Backlinks, links from other websites to your own, are therefore valuable and help you rise to the first page of search results. It is not the only factor that affects your search position and there are said to be around 200, but it is one of the most important ones.

The more backlinks you have, the higher your website or web page will appear in search results, which is great, but this also tempts some people to try and cheat to rank higher.

When to use nofollow, sponsored, ugc

Someone could pay you to post an article on your website in order to get a backlink. They could provide you with free goods or services, so you write about them and provide a backlink. They could provide free holidays or travel, days out, meals, and so on, in return for you including a backlink in a web article.

These backlinks are not natural ones and if you receive any form of compensation for a link in an article, you should make it a sponsored link. In other words, rel=”sponsored” should appear in the HTML link code.

Affiliate links fall into this category too and one way or another, you receive money, goods or services from them. Affiliate links must be sponsored.

We don’t want websites appearing on page one of Google search results simply because they paid people to insert backlinks in articles. We want search results to show authority websites and articles. Using sponsored helps Google understand a link.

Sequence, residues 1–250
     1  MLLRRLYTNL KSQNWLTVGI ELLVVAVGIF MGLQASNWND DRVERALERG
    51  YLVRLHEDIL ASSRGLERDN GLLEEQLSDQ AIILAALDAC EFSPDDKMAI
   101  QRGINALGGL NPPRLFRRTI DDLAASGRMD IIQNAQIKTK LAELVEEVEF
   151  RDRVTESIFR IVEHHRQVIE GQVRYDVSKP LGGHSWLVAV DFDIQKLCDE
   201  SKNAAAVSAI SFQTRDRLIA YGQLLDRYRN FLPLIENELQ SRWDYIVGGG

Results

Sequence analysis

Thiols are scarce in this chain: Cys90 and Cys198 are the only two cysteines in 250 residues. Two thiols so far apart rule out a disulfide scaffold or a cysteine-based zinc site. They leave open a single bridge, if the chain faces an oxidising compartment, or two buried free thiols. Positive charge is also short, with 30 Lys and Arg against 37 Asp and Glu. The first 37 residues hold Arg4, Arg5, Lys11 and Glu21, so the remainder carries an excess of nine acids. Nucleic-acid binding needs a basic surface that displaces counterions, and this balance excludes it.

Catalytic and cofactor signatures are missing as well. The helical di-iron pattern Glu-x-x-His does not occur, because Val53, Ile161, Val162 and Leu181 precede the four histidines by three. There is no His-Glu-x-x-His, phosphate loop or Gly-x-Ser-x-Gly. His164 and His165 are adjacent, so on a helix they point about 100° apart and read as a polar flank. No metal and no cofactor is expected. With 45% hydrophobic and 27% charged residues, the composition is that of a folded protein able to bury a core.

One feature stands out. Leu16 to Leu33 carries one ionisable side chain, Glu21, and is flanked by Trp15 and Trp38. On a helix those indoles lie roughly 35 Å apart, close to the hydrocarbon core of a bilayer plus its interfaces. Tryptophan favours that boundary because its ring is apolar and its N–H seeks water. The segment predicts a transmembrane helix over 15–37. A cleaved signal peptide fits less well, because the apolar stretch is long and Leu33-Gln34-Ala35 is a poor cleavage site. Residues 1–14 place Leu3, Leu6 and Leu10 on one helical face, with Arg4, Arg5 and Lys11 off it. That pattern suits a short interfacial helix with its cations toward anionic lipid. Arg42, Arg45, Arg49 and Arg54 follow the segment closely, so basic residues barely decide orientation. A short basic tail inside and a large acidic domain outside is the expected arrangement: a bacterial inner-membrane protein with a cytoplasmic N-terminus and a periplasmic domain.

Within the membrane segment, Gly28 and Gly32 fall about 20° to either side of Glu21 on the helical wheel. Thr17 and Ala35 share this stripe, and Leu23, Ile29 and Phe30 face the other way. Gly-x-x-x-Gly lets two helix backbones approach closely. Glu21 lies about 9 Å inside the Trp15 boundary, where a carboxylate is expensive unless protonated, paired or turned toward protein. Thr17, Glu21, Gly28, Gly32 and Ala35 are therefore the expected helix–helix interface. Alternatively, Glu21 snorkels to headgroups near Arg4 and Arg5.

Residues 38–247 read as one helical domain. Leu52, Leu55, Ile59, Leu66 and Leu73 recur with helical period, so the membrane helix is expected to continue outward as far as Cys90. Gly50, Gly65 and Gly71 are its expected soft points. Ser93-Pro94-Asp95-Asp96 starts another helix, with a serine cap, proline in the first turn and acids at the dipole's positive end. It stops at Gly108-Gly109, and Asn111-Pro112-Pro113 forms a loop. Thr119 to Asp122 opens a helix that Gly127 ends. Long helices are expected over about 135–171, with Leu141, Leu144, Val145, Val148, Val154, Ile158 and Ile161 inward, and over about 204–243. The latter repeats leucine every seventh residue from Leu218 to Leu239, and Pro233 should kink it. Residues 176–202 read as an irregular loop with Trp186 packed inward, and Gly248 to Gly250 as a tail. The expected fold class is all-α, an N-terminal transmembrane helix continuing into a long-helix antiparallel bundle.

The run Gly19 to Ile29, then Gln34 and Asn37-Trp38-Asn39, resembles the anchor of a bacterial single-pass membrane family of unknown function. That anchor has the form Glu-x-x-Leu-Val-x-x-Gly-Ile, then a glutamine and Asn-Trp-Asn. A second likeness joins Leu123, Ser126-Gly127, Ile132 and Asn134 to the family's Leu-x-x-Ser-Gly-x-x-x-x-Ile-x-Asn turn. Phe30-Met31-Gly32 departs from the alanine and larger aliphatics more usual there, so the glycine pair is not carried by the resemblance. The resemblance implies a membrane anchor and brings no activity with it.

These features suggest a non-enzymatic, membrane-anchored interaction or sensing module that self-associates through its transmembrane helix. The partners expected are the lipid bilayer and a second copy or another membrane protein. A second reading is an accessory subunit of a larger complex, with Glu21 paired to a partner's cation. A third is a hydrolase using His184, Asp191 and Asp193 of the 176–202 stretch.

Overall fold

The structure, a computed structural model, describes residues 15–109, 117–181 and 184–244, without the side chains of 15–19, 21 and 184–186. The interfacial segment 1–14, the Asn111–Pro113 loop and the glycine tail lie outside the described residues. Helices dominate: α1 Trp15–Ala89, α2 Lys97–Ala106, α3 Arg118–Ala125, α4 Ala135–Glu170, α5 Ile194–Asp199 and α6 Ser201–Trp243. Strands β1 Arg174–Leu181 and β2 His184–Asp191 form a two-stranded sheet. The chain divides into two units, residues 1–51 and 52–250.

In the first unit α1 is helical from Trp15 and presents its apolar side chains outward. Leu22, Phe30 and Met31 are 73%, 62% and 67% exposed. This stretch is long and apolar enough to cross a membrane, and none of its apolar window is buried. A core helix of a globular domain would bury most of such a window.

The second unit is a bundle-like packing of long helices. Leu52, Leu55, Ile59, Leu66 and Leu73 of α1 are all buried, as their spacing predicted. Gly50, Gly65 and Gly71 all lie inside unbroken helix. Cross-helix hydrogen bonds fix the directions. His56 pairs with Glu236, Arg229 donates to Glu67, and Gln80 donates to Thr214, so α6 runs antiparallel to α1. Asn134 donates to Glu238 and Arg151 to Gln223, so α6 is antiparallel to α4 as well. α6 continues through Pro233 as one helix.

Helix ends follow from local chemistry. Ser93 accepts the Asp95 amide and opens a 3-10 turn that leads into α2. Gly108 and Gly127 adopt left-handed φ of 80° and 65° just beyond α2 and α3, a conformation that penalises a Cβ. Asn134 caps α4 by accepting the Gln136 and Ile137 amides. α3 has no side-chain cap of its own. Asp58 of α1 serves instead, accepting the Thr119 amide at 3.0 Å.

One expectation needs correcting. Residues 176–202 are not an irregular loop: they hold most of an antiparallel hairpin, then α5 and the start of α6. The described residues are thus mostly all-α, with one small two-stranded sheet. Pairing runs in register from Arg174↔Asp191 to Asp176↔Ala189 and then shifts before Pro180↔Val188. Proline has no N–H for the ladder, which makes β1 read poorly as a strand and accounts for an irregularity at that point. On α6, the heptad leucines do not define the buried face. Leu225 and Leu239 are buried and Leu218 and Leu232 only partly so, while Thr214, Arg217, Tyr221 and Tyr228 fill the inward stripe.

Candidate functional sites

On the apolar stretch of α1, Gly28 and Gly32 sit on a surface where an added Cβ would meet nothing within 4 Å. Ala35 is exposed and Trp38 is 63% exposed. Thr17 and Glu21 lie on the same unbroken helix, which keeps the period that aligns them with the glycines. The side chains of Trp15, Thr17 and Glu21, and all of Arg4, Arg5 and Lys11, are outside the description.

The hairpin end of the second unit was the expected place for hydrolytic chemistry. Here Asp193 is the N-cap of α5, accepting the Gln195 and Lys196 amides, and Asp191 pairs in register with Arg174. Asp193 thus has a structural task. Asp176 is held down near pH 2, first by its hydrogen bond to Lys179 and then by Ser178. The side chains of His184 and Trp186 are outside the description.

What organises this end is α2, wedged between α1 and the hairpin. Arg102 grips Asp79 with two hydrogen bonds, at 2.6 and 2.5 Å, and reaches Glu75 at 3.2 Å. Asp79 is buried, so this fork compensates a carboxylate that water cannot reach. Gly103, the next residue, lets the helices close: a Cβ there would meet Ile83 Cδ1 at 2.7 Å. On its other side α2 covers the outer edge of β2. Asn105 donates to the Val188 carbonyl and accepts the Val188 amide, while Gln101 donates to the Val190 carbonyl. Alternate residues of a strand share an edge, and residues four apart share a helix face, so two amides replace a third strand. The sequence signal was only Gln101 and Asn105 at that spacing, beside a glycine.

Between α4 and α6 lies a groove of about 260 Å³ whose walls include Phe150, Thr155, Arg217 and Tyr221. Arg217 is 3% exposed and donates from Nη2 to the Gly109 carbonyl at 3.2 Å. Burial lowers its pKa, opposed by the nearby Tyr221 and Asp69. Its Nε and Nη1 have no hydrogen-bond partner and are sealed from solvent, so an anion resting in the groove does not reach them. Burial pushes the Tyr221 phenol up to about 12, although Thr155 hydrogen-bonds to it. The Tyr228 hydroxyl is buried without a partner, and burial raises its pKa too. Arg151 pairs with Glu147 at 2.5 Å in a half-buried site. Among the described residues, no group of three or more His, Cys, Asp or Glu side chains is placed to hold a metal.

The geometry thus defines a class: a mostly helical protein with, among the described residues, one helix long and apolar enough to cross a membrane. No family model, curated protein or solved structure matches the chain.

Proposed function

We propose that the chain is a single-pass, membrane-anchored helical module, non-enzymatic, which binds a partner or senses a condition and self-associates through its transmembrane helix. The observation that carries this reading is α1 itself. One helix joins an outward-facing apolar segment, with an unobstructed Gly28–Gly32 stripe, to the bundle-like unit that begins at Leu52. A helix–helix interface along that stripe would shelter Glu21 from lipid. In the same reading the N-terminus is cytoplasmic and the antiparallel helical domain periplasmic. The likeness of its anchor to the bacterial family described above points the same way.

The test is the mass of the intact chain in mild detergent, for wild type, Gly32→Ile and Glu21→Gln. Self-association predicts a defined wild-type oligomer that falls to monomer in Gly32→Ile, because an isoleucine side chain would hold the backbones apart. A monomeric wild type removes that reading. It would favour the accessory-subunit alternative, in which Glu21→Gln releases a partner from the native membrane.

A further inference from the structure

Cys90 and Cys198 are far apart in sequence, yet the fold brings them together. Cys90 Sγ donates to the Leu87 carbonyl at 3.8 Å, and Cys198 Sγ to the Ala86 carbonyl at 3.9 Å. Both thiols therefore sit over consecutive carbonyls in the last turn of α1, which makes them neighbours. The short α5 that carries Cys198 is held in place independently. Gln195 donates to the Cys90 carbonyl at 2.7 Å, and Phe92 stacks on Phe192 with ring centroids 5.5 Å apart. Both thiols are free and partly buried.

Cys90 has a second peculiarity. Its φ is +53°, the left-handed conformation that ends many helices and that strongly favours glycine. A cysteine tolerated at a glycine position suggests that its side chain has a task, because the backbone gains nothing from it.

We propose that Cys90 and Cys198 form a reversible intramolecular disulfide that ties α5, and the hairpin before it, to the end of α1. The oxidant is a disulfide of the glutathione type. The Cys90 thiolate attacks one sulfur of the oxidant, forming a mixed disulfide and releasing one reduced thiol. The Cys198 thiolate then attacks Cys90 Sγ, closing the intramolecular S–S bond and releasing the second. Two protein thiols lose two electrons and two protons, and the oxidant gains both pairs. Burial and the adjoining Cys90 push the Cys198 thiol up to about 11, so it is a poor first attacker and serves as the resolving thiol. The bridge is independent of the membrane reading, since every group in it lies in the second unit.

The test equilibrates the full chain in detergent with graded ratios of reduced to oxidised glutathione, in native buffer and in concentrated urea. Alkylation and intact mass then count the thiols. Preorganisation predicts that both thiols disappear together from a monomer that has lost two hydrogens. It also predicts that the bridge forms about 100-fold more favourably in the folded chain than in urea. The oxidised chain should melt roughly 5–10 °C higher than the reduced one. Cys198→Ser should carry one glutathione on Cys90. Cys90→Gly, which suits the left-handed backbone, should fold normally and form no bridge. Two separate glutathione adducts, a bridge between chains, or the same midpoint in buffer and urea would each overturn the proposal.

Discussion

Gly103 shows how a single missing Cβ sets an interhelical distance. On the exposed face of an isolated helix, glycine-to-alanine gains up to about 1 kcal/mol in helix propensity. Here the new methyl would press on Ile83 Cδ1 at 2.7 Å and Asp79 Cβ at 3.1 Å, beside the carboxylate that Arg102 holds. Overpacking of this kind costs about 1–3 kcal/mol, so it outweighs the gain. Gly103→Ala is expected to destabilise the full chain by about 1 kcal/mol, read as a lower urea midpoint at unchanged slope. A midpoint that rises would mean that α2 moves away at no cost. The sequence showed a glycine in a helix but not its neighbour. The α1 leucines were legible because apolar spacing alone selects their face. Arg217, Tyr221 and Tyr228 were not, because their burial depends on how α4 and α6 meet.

User generated content (ugc), like comments on web posts and forum posts should have rel=”ugc” in the HTML of the link. People often try to create backlinks to their sites to boost search ranking and setting them to ugc lets Google know.

Anything else you don’t want to pass authority or link juice to, should use rel=”nofollow”. For many years, nofollow was used for everything – sponsored content, affiliate links, comments below web posts, and so on. It is not necessary to go back and change all the links you created, but from now on, use sponsored, ugc or nofollow.

Natural web links to articles and sites that are relevant to the content people are reading should be normal links. You don’t need to do anything and a normal link is the default anyway.

Does Google follow nofollow links?

Nofollow sounds like it is an instruction not to follow a link to another website. Maybe it used to be and maybe Google did not follow nofollow links in the past, but now the situation has changed.

Nofollow, sponsored and ugc are hints that give Google an indication of the type of content being linked to and they enable the search engine better understand the links it finds.

If Google wants to follow a nofollow link, it can and it will.